Concerns have been raised by civil society organisations about international financial institutions (IFIs), governments and corporate bodies that promote PPPs and use their public funds to subsidise private profit through the PPP model and the conflicts of interest this creates (see Observer Spring 2016, Summer 2016). For instance, international legal, accounting and consultancy companies, such as Price Waterhouse Coopers (PwC), are firstly commissioned by national governments to provide advice on how to best deliver healthcare and are then commissioned to consult on how to implement PPP health projects, following their own advice.3 Similar concerns apply to the IFC, which provides technical advice to governments encouraging the use of PPP’s whilst subsequently investing in these PPPs itself. This process of international lobbying for PPPs has impacted public policy debates by following the PPP trend rather than focusing on how to reach social and economic objectives through the creation of publicly funded and managed infrastructure.
IEG finds Bank approach to PPPs in health sector problematic
In 2016, the Independent Evaluation Group (IEG), which evaluates the effectiveness of the WBG, published an evaluation of healthcare PPPs and found that there are several problems with the way in which the Bank has implemented PPPs in the health sector. The IEG questioned whether “WBG advice had been strategic enough with respect to laying out all options for the provision of health services in a given country”.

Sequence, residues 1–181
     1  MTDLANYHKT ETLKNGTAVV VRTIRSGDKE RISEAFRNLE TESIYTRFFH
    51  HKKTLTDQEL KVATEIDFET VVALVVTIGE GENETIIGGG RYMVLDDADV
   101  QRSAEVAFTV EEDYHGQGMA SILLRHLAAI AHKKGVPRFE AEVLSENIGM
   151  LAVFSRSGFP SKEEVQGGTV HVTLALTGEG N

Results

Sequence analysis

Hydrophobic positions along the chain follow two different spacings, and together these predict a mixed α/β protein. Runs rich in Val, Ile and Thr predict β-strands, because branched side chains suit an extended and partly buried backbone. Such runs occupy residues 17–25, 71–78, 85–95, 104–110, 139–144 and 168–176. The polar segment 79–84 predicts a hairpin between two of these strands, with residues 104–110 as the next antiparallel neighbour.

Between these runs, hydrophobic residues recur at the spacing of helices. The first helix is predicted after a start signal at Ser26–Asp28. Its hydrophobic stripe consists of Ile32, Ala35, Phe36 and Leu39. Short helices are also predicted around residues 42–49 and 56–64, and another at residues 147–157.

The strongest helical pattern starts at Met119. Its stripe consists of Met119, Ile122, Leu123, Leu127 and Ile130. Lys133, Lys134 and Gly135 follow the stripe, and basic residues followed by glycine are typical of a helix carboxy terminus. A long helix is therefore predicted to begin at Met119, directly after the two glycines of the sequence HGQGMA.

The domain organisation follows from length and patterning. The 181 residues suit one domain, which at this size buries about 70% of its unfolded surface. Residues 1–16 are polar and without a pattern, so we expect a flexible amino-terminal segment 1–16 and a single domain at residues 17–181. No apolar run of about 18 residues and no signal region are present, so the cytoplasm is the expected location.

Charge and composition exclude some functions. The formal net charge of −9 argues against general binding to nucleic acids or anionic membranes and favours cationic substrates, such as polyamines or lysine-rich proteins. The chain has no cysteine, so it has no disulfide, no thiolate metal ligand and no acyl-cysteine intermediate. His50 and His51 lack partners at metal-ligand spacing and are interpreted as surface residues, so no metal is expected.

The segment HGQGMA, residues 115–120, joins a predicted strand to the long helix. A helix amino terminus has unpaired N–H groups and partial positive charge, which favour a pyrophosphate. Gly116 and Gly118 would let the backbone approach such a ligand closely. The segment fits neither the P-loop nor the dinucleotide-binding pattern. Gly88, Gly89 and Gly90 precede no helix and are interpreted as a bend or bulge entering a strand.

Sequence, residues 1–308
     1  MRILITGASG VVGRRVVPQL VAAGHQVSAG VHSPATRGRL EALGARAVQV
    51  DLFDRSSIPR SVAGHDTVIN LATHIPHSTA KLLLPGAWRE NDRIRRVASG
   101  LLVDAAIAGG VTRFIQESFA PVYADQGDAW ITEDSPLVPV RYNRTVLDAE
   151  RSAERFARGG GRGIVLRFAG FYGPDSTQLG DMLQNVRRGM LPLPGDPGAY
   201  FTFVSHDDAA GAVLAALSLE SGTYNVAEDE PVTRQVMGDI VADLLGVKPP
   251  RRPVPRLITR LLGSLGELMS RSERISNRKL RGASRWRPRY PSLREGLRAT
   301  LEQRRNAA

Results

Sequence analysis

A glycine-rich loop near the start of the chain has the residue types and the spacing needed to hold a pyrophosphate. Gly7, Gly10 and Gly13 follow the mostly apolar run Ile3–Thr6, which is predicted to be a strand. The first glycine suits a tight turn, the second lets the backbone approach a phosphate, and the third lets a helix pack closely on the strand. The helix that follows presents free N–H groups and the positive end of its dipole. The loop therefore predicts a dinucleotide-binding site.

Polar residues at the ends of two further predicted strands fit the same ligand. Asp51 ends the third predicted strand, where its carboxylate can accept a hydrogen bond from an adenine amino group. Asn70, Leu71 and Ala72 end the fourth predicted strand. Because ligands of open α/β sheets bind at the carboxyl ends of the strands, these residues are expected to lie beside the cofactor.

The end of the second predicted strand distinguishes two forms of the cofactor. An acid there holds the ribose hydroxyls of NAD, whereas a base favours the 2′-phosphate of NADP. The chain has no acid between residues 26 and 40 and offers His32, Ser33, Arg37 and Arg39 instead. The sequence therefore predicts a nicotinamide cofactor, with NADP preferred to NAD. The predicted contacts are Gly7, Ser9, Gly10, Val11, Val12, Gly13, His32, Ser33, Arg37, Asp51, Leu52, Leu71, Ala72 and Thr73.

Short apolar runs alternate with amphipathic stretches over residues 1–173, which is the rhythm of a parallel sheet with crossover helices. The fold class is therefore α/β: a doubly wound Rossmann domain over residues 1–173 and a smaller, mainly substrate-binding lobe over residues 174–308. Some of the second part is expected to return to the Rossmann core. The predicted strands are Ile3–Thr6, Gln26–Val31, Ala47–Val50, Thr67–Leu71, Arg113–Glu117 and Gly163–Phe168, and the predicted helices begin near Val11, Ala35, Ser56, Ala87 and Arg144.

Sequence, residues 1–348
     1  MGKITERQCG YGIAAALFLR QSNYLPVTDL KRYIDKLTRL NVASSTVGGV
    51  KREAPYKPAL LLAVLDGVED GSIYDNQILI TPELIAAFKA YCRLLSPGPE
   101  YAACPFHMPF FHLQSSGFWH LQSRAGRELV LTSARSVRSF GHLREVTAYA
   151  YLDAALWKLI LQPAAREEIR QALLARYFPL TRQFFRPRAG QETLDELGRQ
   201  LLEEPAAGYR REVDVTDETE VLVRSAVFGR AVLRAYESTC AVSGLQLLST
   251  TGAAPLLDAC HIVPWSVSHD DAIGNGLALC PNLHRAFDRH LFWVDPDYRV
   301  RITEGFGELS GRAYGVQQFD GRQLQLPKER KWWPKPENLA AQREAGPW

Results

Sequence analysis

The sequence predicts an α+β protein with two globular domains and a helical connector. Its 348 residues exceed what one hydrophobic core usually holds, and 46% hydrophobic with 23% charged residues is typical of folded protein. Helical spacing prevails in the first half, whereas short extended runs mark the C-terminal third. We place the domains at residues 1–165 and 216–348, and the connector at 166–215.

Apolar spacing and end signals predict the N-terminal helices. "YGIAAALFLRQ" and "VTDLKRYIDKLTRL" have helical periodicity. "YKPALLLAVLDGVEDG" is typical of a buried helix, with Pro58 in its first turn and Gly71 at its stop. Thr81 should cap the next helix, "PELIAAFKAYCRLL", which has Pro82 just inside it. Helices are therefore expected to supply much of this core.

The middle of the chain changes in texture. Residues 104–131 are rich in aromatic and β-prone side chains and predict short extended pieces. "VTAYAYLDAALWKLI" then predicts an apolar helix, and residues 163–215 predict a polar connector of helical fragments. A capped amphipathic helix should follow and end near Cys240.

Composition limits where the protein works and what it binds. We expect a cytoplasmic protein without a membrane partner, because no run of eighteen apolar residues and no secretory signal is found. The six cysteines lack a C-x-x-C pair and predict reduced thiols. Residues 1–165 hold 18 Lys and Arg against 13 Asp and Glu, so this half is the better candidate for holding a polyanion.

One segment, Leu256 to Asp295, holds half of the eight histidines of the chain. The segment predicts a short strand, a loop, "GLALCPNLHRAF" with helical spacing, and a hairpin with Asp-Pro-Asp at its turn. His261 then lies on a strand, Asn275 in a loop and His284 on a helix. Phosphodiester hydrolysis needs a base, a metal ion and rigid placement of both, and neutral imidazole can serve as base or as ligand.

For example, the IEG found that only one out of the Bank’s twelve strategic option reports had considered public procurement. The IEG recommended that “it should become Bank Group practice to ensure that the public option is at least considered and systematically assessed.” The IEG also found that there was little evidence to show that the fiscal implications of PPPs had been considered, although many of the PPPs depended on the government of payment of services. Moreover, although PPPs partly aimed at increasing access to health services by poor people, there was little evidence collected to show that PPPs actually did help poor people.
Coverage over provision
Recently, the policy of universal healthcare coverage as opposed to provision has been widely promoted by the World Health Organization (WHO) and the WBG. Universal healthcare coverage involves the creation of health insurance schemes which allow people to access healthcare facilities run by public, private and not-for-profit sectors. Often, these schemes are only available to people working in the formal sector with regular incomes, though the majority of people in low income countries work in the informal sector with small and erratic incomes and are unable to pay into even small scale health insurance schemes. A policy of universal healthcare provision on the other hand dictates that the government guarantees the actual provision of healthcare services to everyone, irrespective of income, status, etc, rather than offering what is in effect hypothetical ‘access’.